<appSettings>
    <add key="ServerName" value="REMOTE.SERVERNAME" />
    <add key="Port" value="8180" />
    <add key="WorkDirectory" value="C:\PATH\TO\DEPLOY\FOLDER" />
    <add key="LogDirectory" value="~/log" />
    <add key="Authorization" value="Off" />
    <add key="AuthorizedKeysFile" value="~/.ssh/authorized_keys" />
</appSettings>

The server name is the name of the server / address that you reach your server from the location that should trigger the deployments. The port number may also needed to be changed and may also need to open that in the firewall. The WorkDirectory is the directory where Fake.Deploy is going to deploy the application that is pushed to the server.

Fake.Deploy.exe /help

When Fake is extracted to C:\FAKE you can see all the options with Fake.Deploy executing the command above in the command prompt.

Install Windows Service

When the configuration is done, it is time to install the Windows Service. This is done by executing the Fake.Deploy.exe from the command line (the command line may be running as Administrator).

.\Fake.Deploy.exe /install

What this command do is install A Windows Service. I have specific users used to everything from building, packaging and deployment. What I then do is located the Fake Deploy service and open the properties window. Then I change the user running the service to my deployment user. That makes it easy to set the permission to what ever I need to do in the deploy script.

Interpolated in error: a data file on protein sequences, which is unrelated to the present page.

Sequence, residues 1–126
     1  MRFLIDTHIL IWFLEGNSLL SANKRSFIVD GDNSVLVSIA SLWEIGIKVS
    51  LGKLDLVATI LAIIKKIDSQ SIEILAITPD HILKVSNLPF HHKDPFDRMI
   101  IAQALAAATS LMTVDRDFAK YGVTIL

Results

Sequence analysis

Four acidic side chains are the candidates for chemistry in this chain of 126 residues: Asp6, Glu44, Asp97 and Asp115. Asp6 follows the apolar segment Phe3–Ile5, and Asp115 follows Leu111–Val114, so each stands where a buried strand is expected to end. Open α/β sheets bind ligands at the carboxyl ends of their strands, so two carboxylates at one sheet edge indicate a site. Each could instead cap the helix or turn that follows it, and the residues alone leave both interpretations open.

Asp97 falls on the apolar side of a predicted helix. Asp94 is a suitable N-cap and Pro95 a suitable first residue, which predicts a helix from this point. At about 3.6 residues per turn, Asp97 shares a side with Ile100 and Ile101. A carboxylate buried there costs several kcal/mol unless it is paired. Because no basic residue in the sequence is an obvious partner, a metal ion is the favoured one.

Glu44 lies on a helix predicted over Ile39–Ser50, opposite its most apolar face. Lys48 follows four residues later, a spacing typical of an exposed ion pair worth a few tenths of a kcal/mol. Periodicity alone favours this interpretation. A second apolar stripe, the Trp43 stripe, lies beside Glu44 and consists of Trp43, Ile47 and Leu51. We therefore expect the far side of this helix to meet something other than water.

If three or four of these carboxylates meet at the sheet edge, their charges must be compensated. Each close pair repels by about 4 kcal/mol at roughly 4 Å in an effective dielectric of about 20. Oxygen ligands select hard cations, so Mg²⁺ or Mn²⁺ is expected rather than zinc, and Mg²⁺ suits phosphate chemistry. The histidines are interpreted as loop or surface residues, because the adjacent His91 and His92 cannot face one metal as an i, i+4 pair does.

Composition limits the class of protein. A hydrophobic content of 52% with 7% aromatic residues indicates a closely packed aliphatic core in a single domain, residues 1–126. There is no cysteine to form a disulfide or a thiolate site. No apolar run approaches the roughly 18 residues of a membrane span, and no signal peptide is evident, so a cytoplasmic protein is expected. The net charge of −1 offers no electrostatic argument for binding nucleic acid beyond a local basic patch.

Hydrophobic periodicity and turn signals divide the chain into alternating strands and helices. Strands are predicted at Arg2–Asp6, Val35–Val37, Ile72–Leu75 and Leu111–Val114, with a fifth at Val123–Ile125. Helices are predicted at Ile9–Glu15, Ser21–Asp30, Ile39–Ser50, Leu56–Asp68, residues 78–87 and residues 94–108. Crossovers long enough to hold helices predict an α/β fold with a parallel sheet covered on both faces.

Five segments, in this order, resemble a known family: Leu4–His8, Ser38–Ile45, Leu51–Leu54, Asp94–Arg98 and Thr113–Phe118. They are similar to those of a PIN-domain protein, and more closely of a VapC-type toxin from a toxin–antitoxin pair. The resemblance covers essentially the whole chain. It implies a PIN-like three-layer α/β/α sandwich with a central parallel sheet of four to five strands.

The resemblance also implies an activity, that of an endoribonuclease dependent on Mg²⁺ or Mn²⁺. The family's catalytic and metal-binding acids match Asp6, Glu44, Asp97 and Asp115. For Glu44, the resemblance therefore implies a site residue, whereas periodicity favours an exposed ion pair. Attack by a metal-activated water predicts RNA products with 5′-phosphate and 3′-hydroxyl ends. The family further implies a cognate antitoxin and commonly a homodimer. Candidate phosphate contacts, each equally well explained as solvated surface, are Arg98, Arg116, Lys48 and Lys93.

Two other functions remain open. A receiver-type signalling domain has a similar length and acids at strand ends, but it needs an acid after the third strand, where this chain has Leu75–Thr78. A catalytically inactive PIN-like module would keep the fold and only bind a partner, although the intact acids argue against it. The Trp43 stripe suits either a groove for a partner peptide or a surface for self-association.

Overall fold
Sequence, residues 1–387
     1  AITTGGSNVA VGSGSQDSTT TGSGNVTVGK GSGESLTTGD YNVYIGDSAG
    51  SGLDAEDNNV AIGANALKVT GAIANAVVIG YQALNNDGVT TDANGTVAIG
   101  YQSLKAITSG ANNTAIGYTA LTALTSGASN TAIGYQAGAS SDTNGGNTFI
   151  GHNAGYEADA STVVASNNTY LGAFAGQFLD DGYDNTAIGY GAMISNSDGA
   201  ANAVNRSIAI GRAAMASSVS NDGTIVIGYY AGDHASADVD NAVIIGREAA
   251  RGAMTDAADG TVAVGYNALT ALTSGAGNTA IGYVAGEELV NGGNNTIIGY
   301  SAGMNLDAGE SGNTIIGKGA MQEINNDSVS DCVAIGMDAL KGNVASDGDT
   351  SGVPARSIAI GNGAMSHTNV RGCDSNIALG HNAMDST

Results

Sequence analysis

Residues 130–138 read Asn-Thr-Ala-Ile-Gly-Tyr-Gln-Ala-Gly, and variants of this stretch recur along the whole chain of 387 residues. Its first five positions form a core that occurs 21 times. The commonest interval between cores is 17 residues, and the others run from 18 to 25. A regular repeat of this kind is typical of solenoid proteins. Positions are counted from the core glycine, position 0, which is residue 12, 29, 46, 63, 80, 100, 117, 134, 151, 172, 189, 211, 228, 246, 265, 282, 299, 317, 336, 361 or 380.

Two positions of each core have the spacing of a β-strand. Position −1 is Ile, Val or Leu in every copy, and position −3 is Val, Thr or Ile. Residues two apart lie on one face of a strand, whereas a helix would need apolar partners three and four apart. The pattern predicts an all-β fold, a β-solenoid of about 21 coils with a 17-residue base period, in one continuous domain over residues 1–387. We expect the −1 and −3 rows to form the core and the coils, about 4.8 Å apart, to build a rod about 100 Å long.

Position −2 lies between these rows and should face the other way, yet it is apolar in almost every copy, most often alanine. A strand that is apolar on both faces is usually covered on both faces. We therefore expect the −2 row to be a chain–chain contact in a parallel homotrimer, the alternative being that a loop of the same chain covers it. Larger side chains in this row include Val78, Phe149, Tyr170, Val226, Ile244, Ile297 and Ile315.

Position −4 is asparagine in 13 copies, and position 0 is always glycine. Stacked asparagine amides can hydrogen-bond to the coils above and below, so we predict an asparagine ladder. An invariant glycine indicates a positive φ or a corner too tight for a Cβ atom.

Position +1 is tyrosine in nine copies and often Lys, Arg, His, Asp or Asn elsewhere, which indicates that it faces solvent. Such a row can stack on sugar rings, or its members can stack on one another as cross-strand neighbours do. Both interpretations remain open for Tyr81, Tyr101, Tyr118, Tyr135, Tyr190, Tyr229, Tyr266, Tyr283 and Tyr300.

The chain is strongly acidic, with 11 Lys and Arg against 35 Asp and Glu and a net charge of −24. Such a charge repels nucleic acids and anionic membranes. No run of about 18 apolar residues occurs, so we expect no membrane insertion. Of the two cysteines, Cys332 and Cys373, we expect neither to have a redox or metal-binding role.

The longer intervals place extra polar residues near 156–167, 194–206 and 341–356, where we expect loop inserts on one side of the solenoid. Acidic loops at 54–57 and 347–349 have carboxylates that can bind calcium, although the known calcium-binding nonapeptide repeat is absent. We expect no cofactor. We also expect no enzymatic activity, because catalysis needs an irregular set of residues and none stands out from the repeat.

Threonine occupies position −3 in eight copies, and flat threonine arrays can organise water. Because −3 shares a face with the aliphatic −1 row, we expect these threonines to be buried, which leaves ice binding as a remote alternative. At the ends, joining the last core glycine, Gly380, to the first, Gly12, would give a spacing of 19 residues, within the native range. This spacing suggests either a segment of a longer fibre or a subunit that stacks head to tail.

Windows Service Window

Uninstalling Fake.Deploy is done with Fake.Deploy.exe /uninstall

When the service is installed it is ready to get applications to deploy. From the configuration values above deploying an application can be done with a command like this:

Fake.Deploy.exe /deployRemote http://REMOTE.SERVERNAME:8180/fake Package.1.0.0.nupkg

Securing Fake.Deploy

So far Fake.Deploy has been configured not using authorization at all. For anything else than testing the deployment setup and make it work, that is a bad idea. So the next thing to do is adding authorization to the Fake.Deploy pipeline.

First you must perform a HTTP-GET to: fake/login/yourUserId [1]

GET: http://REMOTE.SERVERNAME:8180/fake/login/userid

The response from this GET request is a pretty long string value and this needs to be base64 encoded and signed by the private key you should use.

The next step is to make a POST request to /fake/login/youruserid. In the POST request it should contain the base64 encoded value that was received from the GET request and also the signed value.

In the response from the POST request is a GUID and this GUID should be passed in the header of each request to the Fake.Deploy with the header key AuthToken. To logout, it is just to make a GET request to /fake/logout.

That is it, now it should be up and running

I have been using Fake.Deploy for a while now and after I have been setting it up, it has been running non stop and just do what I want it to do. The only thing that I had some issues with (but not related to Fake.Deploy at all) was deploying IIS Sites. I had issues that IIS was holding the process of the sites I needed to deploy. That was solved installing and using the IIS Administration API.

Then it is just to say, happy configuring and happy coding!


  1. HOW TO AUTHORIZE AGAINST FAKE.DEPLOY ↩︎

Teis Lindemark

Software developer, beer brewer and AGENT backer

Bergen, Norway https://teilin.net

Disclaimer: The opinions expressed herein are my own personal opinions and do not represent my employer’s view in any way.